Krylov had little formal education in his childhood. He entered the imperial civil service and in 1782 he was transferred from Tver to St. Petersburg. Between the years 1783 and 1793 he wrote five comic operas. Krylov became the center of small intellectual circle in St. Petersburg. From 1789 to 1793 he edited with Nikolai I. Novikov and Alexander N. Radishchev a satirical magazine Pochva dukhov. It published social commentary in the guise of letters written by figures from the underworld and soon had troubles with the censor. Krylov's own contributions include 'Kaib, An Oriental Tale,' which depicts insufficiencies of autocracy, and the 'Eulogy to the Memory of My Grandfather', a satire in the best spirit of Enlightenment. Krylov faced political persecution from the repressive government of Catherine the Great and he left St. Petersburg c. 1797.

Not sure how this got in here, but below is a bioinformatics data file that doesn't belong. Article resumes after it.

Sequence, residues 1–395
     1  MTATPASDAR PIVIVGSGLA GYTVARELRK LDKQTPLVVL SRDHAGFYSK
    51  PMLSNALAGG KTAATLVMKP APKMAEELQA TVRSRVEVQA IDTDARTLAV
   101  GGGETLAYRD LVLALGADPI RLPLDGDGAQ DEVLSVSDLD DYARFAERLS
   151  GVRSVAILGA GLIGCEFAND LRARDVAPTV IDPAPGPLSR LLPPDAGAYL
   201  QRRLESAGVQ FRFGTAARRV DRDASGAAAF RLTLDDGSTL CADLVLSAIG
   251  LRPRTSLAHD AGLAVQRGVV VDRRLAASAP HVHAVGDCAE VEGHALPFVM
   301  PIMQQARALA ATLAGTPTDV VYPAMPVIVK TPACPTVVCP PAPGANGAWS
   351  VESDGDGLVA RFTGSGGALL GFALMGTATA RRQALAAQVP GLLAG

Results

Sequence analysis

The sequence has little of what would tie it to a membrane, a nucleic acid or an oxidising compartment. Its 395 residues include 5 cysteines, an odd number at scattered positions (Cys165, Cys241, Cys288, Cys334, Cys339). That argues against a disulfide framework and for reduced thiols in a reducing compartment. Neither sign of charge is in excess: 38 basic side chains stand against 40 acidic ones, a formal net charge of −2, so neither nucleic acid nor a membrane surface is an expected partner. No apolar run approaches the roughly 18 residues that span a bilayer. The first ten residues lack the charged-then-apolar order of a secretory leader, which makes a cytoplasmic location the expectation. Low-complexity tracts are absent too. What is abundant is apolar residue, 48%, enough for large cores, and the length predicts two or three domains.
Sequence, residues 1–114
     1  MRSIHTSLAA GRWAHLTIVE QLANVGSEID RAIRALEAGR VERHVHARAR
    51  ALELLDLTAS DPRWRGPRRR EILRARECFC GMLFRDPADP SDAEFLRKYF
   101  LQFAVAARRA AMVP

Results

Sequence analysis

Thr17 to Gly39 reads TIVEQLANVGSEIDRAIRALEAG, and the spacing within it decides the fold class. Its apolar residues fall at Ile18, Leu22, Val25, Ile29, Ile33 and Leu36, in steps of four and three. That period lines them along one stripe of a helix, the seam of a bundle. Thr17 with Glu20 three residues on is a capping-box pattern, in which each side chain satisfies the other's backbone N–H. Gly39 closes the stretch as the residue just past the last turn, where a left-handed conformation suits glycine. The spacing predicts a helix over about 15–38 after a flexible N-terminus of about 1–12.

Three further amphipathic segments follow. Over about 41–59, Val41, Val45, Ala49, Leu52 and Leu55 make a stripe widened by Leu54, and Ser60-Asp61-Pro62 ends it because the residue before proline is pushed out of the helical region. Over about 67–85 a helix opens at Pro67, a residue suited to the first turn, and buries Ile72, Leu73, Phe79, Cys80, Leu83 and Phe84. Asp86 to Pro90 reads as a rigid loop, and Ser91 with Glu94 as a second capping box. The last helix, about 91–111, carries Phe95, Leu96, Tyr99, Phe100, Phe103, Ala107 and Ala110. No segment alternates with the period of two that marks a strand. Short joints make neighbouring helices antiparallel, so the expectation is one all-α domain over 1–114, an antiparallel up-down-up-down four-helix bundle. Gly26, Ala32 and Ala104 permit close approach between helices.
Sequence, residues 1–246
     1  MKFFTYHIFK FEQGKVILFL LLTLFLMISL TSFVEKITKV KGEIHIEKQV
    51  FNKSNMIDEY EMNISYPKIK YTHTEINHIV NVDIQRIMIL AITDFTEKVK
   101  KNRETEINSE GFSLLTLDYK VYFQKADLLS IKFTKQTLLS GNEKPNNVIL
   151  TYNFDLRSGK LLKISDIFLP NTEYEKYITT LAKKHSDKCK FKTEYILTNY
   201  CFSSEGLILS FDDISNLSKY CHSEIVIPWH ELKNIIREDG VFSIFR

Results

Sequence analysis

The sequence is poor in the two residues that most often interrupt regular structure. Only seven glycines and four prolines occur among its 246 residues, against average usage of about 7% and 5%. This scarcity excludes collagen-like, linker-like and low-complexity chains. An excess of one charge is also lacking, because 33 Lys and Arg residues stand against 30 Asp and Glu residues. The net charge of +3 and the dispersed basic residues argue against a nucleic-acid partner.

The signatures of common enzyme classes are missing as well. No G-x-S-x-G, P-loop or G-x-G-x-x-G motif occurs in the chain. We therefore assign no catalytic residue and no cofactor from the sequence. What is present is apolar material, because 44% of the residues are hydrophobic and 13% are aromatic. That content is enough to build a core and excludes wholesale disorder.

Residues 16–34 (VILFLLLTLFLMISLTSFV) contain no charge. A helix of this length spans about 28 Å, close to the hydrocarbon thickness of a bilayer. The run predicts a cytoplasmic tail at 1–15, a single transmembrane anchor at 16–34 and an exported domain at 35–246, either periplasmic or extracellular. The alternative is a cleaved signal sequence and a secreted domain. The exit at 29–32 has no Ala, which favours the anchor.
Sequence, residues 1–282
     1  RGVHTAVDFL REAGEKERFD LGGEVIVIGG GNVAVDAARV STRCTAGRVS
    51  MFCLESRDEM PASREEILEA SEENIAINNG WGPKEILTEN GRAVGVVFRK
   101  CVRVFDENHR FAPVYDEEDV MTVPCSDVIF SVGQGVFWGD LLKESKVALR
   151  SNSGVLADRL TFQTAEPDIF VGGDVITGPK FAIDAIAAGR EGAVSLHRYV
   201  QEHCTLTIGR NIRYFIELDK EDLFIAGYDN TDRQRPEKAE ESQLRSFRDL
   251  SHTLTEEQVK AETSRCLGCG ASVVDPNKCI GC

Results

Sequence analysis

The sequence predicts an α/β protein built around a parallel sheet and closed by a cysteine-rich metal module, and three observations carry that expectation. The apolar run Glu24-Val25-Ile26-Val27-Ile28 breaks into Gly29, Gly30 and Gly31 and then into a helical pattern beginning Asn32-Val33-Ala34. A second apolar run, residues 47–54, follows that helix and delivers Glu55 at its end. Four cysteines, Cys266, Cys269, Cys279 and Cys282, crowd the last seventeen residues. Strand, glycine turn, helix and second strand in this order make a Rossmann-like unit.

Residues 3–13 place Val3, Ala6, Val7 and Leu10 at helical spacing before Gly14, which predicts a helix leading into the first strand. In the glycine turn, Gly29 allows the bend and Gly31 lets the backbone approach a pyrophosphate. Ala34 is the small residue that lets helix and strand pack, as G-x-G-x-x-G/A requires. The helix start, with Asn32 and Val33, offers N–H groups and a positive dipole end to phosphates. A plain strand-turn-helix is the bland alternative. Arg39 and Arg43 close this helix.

From the mid-1790s to 1802 Krylov virtually disappeared from the literary scene. He traveled widely and experienced some hard periods, which made him more reluctant to express his opinions openly. Only two plays, the comedy The Pie and a mock tragedy Trumpf can be dated from this period. He tutored at country estate of a patron and served as a governor's secretary in 1801-02. After 1801 he lived in Moscow for five years and then returned to St. Petersburg. In 1806 he wrote two successful plays, The Fashion Shop and A Lesson to the Daughters.

In 1805 Krylov started to translate the fables of Jean de La Fontaine, but he soon found that he could write fables of his own. He had become associated with the cultural circle of A.N. Olenin, which advocated the creation of national literature. Krylov published his first collection of fables in 1809, devoting himself entirely to that genre. After Krylov's books attracted the attention of the imperial family, he gained a post in the St. Petersburg public library, where he worked for 30 years as a librarian. When Alexander I promised to support Krylov if he writes "well', he did not write anyting. Between the years 1824 and 1926 he did not compose any poems, and he was commonly called the laziest man in Russia.